[IMAGES] Rio Tinto and Chevron extend deals with Tempo Australia
As our sister site Business Review Australia reported, Aussie resource services company Tempo Australia recently secured new contract extensions with mining behemoth Rio Tinto and energy giant Chevron that will total about $50 million.
Tempo received an extension with Rio Tinto at its 353 million ton per annum Cape Lambert Port B Expansion Project in the Pilbara region of Western Australia. The $13.4 million contract will see Tempo provide structural, mechanical and piping miscellaneous works as well as commissioning support for Rio Tinto’s expansion work at the port.
RELATED TOPIC: Australia is primed to cash in on uranium
It is Tempo’s first major contract with Rio Tinto.
“We’re pleased to have been given the opportunity to execute the miscellaneous SMP and commissioning support works at Cape Lambert,” said Tempo general manager Daniel Hibbs.
Tempo reported sales receipts of $15.3 million and operating cash flows of $1.9 million during the June 2015 quarter. Established in 2011 to provide Structural Mechanical Piping (SMP) services to the mining, oil and gas sectors, Tempo works with clients to execute projects safely and deliver them both on time and within its budget.
RELATED TOPIC: Rio Tinto aims to cut costs by $1 billion but how?
In addition, the change to Tempo’s existing sub-contract at Chevron’s Gorgon Liquefied Natural Gas (LNG)Project on Barrow Island in Western Australia refer to the arrangement of Managed Structural, Mechanical and Piping, Electrical & Instrumentation (SMPE&I) craft labour for construction, pre-commissioning and commissioning services to the Mechanical, Electrical and Instrumentation (ME&I) contractor on the project.
“The award of these major contract extensions in what continues to be challenging market conditions demonstrates and showcases Tempo’s ability to provide our portfolio of bluechip clients with solutions based on our core values of productivity, performance and safety, and we look forward to continuing to build long term relationships with these key clients,” said Carmelo Bontempo, executive chairman of Tempo Australia.
RELATED TOPIC: LNG surpassing coal and iron ore in Australia
Tempo’s secured requisition for additional personnel to stay on Barrow Island will increase its workforce under the company’s contract despite how difficult it is for workers to get beds on the island. However, Chevron has now approved the requisition for additional bedspace.
With the secured variations, nearly 400 Tempo employees are now on site at the Gorgon Project. When the contract was initially granted in May 2015, there were 100 members of personnel on the grounds.
The $55 million project is about 90 per cent complete, but is still months behind schedule. Chevron’s goal was to ship its first LNG cargo by the end of 2015, but acknowledged it may not happen until 2016.
Vale invests $150mn to extend life of Manitoba operations
Vale has announced a $150mn CAD investment to extend current mining activities in Thompson, Manitoba by 10 years while aggressive exploration drilling of known orebodies holds the promise of mining well past 2040.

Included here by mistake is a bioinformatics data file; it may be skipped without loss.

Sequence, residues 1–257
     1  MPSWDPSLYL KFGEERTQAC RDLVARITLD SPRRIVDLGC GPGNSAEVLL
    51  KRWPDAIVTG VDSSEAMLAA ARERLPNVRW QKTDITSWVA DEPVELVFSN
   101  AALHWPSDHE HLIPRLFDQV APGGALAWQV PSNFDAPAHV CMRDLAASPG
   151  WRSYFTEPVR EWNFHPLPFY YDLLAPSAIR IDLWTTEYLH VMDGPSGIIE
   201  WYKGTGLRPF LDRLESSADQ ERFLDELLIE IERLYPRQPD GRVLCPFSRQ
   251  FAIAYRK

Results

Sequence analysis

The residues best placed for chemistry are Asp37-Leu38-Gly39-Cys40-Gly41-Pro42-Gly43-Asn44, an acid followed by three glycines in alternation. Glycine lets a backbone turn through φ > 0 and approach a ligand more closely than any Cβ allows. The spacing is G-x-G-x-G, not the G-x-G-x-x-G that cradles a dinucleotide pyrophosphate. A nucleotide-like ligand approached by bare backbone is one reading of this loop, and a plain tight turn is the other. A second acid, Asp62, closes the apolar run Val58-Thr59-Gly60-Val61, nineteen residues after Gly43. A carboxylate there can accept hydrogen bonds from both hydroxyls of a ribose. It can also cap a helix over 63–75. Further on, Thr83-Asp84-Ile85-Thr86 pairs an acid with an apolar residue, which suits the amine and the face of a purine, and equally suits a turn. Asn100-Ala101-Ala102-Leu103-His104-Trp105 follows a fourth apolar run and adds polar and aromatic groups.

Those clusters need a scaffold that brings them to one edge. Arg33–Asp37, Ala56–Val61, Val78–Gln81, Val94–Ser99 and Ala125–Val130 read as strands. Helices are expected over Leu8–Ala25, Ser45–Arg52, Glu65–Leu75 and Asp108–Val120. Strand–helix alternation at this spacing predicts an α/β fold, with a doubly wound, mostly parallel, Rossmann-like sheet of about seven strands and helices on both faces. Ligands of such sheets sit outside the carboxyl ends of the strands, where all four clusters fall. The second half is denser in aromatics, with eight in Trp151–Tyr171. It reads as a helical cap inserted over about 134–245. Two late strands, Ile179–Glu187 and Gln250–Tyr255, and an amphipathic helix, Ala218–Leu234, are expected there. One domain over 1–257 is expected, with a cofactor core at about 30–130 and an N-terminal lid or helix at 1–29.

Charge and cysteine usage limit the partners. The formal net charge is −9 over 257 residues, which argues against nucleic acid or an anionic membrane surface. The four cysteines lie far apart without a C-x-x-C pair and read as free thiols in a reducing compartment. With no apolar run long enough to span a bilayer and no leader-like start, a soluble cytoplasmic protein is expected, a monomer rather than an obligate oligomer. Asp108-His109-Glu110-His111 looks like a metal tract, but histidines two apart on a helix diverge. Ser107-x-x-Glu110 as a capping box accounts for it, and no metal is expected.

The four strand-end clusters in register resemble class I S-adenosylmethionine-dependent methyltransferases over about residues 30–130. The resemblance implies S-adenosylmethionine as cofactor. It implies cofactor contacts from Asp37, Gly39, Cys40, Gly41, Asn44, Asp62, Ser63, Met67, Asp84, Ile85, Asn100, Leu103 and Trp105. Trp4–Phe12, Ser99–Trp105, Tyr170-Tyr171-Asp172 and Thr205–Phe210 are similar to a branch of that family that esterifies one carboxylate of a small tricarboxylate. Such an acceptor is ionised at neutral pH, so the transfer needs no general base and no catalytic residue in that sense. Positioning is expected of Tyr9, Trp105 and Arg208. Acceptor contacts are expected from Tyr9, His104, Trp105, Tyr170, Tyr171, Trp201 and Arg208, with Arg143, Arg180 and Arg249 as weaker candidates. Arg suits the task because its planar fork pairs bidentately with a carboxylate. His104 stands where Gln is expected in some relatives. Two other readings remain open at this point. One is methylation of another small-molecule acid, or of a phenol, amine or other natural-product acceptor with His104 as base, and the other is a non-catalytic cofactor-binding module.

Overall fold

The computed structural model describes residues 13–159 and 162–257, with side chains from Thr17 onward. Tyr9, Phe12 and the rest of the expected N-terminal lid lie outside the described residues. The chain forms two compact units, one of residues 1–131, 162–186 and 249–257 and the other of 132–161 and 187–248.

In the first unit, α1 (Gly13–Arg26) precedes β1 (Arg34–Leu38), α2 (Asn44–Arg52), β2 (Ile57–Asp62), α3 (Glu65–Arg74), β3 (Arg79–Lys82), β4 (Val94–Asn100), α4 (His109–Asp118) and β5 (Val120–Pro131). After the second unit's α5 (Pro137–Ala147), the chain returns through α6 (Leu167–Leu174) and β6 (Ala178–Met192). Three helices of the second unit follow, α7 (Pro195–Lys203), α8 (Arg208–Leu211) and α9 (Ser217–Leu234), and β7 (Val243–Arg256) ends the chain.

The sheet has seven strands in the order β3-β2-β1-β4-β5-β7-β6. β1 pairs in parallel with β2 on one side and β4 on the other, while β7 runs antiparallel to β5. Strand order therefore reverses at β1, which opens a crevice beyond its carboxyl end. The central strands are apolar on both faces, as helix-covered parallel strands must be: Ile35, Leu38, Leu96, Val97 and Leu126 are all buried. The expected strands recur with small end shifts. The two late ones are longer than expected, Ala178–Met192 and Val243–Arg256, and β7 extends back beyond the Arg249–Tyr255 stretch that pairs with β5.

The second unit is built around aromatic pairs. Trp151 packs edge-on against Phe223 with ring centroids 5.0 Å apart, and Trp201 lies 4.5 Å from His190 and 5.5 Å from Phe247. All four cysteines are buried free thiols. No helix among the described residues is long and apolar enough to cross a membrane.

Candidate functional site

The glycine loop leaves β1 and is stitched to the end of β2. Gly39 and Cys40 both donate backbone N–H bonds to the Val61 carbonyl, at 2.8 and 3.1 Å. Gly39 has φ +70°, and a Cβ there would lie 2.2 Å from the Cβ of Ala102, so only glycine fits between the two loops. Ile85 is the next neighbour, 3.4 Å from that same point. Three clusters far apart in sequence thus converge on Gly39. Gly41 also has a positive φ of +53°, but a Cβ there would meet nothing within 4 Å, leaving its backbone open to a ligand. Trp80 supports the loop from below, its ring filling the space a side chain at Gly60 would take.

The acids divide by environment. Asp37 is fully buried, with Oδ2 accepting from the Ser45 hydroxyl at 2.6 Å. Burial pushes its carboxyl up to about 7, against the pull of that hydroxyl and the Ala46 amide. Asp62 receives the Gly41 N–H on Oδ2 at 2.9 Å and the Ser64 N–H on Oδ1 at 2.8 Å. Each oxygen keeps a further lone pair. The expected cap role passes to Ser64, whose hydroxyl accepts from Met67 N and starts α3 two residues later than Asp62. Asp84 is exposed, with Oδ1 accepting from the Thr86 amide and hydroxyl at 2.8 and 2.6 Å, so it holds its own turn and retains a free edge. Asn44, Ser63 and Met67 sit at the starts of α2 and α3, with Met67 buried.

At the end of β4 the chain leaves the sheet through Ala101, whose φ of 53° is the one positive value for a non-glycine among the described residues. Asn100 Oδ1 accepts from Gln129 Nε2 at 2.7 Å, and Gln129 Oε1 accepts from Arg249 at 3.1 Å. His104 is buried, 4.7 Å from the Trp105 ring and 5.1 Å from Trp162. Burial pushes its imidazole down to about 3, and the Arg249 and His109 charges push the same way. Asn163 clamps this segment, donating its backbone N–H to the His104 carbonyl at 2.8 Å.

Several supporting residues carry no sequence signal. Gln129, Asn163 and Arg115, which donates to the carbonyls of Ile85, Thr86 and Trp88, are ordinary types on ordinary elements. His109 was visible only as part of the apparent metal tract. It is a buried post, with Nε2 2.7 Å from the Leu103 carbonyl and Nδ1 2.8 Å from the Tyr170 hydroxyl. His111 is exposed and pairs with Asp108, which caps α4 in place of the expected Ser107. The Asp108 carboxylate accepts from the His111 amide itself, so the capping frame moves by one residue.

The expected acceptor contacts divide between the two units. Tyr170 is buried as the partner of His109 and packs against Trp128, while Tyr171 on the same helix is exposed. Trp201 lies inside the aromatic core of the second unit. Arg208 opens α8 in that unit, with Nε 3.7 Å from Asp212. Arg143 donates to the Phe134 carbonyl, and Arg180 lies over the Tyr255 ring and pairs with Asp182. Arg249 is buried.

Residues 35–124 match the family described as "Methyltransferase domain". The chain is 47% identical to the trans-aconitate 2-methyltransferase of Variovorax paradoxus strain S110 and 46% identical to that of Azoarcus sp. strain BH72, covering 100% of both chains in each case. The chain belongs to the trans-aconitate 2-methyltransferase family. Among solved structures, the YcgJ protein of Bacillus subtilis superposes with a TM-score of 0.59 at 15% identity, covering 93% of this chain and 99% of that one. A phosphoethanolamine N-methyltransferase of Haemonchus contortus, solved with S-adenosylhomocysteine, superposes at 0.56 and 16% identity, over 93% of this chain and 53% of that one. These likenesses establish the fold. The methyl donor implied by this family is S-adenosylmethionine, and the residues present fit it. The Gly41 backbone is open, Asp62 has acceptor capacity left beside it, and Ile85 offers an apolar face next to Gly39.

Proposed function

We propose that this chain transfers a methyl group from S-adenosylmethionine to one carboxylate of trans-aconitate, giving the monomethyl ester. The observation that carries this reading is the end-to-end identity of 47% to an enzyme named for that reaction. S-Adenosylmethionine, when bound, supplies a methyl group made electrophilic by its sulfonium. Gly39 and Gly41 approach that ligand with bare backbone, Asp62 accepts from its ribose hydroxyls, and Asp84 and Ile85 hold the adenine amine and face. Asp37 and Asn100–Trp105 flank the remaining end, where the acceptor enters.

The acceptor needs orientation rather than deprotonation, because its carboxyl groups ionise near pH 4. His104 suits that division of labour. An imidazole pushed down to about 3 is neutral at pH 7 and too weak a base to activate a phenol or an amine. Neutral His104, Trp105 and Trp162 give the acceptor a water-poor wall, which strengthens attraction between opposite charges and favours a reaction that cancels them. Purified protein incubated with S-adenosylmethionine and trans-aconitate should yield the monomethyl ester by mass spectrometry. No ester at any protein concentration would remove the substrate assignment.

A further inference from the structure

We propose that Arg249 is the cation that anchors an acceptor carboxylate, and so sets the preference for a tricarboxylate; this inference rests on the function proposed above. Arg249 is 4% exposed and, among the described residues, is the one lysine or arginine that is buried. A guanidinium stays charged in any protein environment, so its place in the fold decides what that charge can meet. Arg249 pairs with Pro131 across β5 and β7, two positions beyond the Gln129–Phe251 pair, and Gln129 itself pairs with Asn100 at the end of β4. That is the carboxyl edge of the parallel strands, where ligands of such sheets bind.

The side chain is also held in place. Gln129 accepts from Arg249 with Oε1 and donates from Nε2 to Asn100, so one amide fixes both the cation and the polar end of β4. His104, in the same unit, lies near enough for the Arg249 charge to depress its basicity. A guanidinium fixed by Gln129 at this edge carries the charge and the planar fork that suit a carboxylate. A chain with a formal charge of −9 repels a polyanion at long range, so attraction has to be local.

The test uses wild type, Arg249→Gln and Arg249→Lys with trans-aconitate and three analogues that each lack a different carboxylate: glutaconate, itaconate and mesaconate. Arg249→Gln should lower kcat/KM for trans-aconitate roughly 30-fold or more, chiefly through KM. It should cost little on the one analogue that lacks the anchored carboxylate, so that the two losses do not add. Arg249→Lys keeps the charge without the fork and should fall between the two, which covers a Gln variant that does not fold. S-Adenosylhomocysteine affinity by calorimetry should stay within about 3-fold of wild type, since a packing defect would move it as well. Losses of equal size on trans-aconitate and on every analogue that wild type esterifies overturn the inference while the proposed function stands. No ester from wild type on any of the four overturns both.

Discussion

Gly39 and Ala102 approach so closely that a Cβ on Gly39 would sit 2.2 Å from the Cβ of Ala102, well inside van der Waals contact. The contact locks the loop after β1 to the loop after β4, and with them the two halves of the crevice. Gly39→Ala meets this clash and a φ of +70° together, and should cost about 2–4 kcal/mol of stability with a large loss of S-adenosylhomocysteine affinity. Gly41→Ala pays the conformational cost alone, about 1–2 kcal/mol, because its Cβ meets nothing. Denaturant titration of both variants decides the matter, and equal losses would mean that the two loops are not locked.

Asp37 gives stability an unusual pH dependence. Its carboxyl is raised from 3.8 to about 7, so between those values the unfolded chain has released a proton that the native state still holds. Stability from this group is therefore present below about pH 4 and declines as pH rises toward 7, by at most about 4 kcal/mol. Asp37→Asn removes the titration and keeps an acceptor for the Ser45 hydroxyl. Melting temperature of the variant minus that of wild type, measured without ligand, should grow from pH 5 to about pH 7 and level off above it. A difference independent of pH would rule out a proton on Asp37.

Global energy transition is boosting the market for nickel
The Thompson Mine Expansion is a two-phase project. The announcement represents Phase 1 and includes critical infrastructure such as new ventilation raises and fans, increased backfill capacity and additional power distribution. The changes are forecast to improve current production by 30%.
“This is the largest single investment we have made in our Thompson operations in the past two decades,” said Mark Travers, Executive Vice-President for Base Metals with Vale. “It is significant news for our employees, for the Thompson community and for the Province of Manitoba.
“The global movement to electric vehicles, renewable energies and carbon reduction has shone a welcome spotlight on nickel – positioning the metal we mine as a key contributor to a greener future and boosting world demand. We are proud that Thompson can be part of that future and part of the low carbon solution.”
Vale continues drilling program at Manitoba
Coupled with today’s announcement, Vale is continuing an extensive drilling program to further define known orebodies and search for new mineralization.
“This $150mn investment is just one part of our ambitious Thompson turnaround story. It is an indicator of our confidence in a long future for the Thompson operations,” added Dino Otranto, Chief Operating Officer for Vale’s North Atlantic Base Metals operations.
“Active collaboration between our design team, technical services, USW Local 6166, and our entire Thompson workforce has delivered a safe, efficient and fit-for-purpose plan that will enable us to extract the Thompson nickel resources for many years to come.”
The Thompson orebody was first discovered in 1956 by Vale (then known as Inco) following the adoption of new exploration technology and the largest exploration program to-date in the company’s history. Mining of the Thompson orebody began in 1961.
“We see the lighting of a path forward to a sustainable and prosperous future for Vale Base Metals in Manitoba,” said Gary Annett, General Manager of Vale’s Manitoba Operations.